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Rollrasen, 2022 - 2023

Zara Pfeifer

Im Juli 2022 und Januar 2023 dokumentiert Zara Pfeifer die Erneuerung des 8.000 m2 großen Fußballplatzes im Berliner Olympiastadion. Der Rollrasen für das Spielfeld und die notwendigen Arbeitsmaschinen wurden mit 30 LKWs über 600 km aus der Slowakei nach Berlin transportiert. Zara Pfeifers Arbeit zeigt den Prozess des Abtragens, Aufbereitens, Ersetzens und Recycelns des Rasens und erscheint wie ein Kommentar zu unserer global vernetzten Wirtschaft mit all ihren physischen Konsequenzen.


Julija 2022 in januarja 2023 je Zara Pfeifer dokumentirala prenovo 8000 m2 velikega nogometnega igrišča na olimpijskem stadionu v Berlinu. Trava za igrišče in potrebni stroji so bili s 30 tovornjaki prepeljani več kot 600 km iz Slovaške v Berlin. Delo Zare Pfeifer prikazuje postopek odstranjevanja, priprave, zamenjave in recikliranja trate ter se zdi kot komentar našega globalno omreženega gospodarstva z vsemi njegovimi fizičnimi posledicami.


Zara Pfeifer’s incomplete inventory of support infrastructures for modern life

Ludwig Engel


Rollrasen (“sod”) is a series of photographs and video sequences by Austrian-German artist Zara Pfeifer. It documents the team of Richter Rasen replacing the 8.000 m2 lawn at Olympic stadium in Berlin in July 2022 and January 2023. The lawn, including the necessary working machines are loaded on 30 trucks and transported over 600 km from Slovakia to Berlin. Slovakian sod is known for its hydro-permeability, ideal for football fields and is used in football stadiums all over Europe. The approximately 550 tons of worn-out lawn are shipped off and recycled to serve as infrastructure/highway greenery or are used for horticultural purposes. This whole procedure is repeated twice a year.


The global economy can be understood as an attempt to allocate resources. Colonialism and globalization, digital infrastructures spanning the globe, the geo-political preferences of capital flows all rely on the distribution of people and things. The wider the markets, the greater the desires to participate through consumption. So things and people need to be moved. Constantly. On a global scale. Almost 100 million shipping containers are handled in the EU ports per year these days. Put in line, they would span over 2.4 million kilometers—enough to encircle the Earth about 60 times. And that’s only the containers at the European sea ports. Per year. And every container is unloaded on trains and trucks, every box in every container must be transported someplace, every item in every box has to be delivered somewhere. With trade on a hyper-global level for decades, the logistics behind the operation have become so gigantic, so fast, that they are hardly noticed. Not because they are not there. No. Because they are everything and everywhere. Infrastructures to allocate resources. Ships, trains and trucks, canals, rails and highways, storage facilities, depots, data centers and logistic hubs have transformed Earth. The world has become a logistical landscape hidden from view. Hold that thought for a moment: It’s not the resources, goods and products humanity aspires to possess and consume that has brought the Anthropocene upon but the economy behind the possibility to get what you want wherever you are. That is why all these transitory infrastructures that temporarily gather people or things—from car parks to bank vaults, from train stations to greenhouses—unfold utopian characteristics once the frantic movement they usually host are removed. Suddenly these infrastructures and buildings that had been hiding in plain sight become visible. As they show their architecture, they give way to reflect on the modern way of life Western humanity has been living through for too long already.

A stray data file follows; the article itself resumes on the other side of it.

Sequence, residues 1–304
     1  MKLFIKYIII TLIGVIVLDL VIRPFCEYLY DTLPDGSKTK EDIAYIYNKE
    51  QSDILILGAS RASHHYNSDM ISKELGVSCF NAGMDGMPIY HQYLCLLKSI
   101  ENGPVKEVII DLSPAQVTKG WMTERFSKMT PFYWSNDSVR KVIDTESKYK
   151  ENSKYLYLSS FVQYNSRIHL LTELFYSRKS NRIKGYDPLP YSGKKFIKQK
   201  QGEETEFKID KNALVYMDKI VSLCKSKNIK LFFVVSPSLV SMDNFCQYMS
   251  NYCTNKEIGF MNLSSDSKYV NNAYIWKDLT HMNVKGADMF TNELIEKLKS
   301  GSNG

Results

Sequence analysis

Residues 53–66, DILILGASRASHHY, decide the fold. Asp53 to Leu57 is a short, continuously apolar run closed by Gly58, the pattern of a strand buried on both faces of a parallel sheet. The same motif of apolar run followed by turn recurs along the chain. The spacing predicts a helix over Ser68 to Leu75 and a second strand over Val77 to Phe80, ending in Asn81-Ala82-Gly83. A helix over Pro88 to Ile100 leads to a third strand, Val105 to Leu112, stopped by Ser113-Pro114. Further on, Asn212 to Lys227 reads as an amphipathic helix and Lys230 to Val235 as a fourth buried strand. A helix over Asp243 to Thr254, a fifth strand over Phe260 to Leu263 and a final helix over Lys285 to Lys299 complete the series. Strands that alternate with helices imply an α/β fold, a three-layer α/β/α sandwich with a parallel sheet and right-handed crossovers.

Zara Pfeifer is fascinated by these instants where infrastructures become visible, offering a glimpse behind their scenes. In her photographs it often feels as if she has caught a building, a machine, or an entire highway in that fleeting moment when it rests as if to take a breath from the accelerated state of being constantly in motion. Zara Pfeifer’s images don’t openly criticize the planetary consumption and its underlying logistics, rather she gives care and attention to the overlooked and overutilized. She offers her motives another life—one of beauty and serenity, of light and grace. Under her gaze the most profane inhabits the mundane, the functional renders poetic. Lewis Baltz may come to mind who’s photographs of parking lots and storage facility doors show an intense tenderness and tell a counter-history of the American dream. Zara Pfeifer’s photos differ from the rigidity of Baltz’ formalized minimalism. Her photographs carry the signature of a trained architect who understands proportions, scale and material and is not lured in by the precise details of a functional building façade. Instead her works can be read as an incomplete inventory of the support infrastructures for modern life in all of its brute beauty. Where Hilla and Bernd Becher conducted a vast, organized archive of industrial structures in line with the efficiency of modern industrialization, Zara Pfeifer’s motives are more of a meandering derive, capturing situations, documenting the pitfalls of the global economy attempting to find balance. There is a lightness and humor in many of her images that break with the rigid documentation style her approach to photography is indebted to. An extruding pipe, a neglected weed grown into a tree, heaps of grass and earth left behind create surreal miniature landscapes of urban decay and renewal. Zooming out she finds the same qualities in architectural megastructures such as Harry Glück’s towers of Alterlaa (1973-1985) or Ursulina Schüler-Witte and Ralf Schüler’s ICC building (1975-1979) casting a novel perspective on the ideals these building were constructed with and juxtaposing it with the contemporary context the are now standing in. In Zara Pfeifer’s photographs there is never a beginning or the end of a story but the moments where things are left of or picked up, much like in the vast repository of Armin Linke’s global investigations. Her lens tells us how the world is. Nonsensical, intricate, fascinating and in dire need to be preserved and transformed at the same time.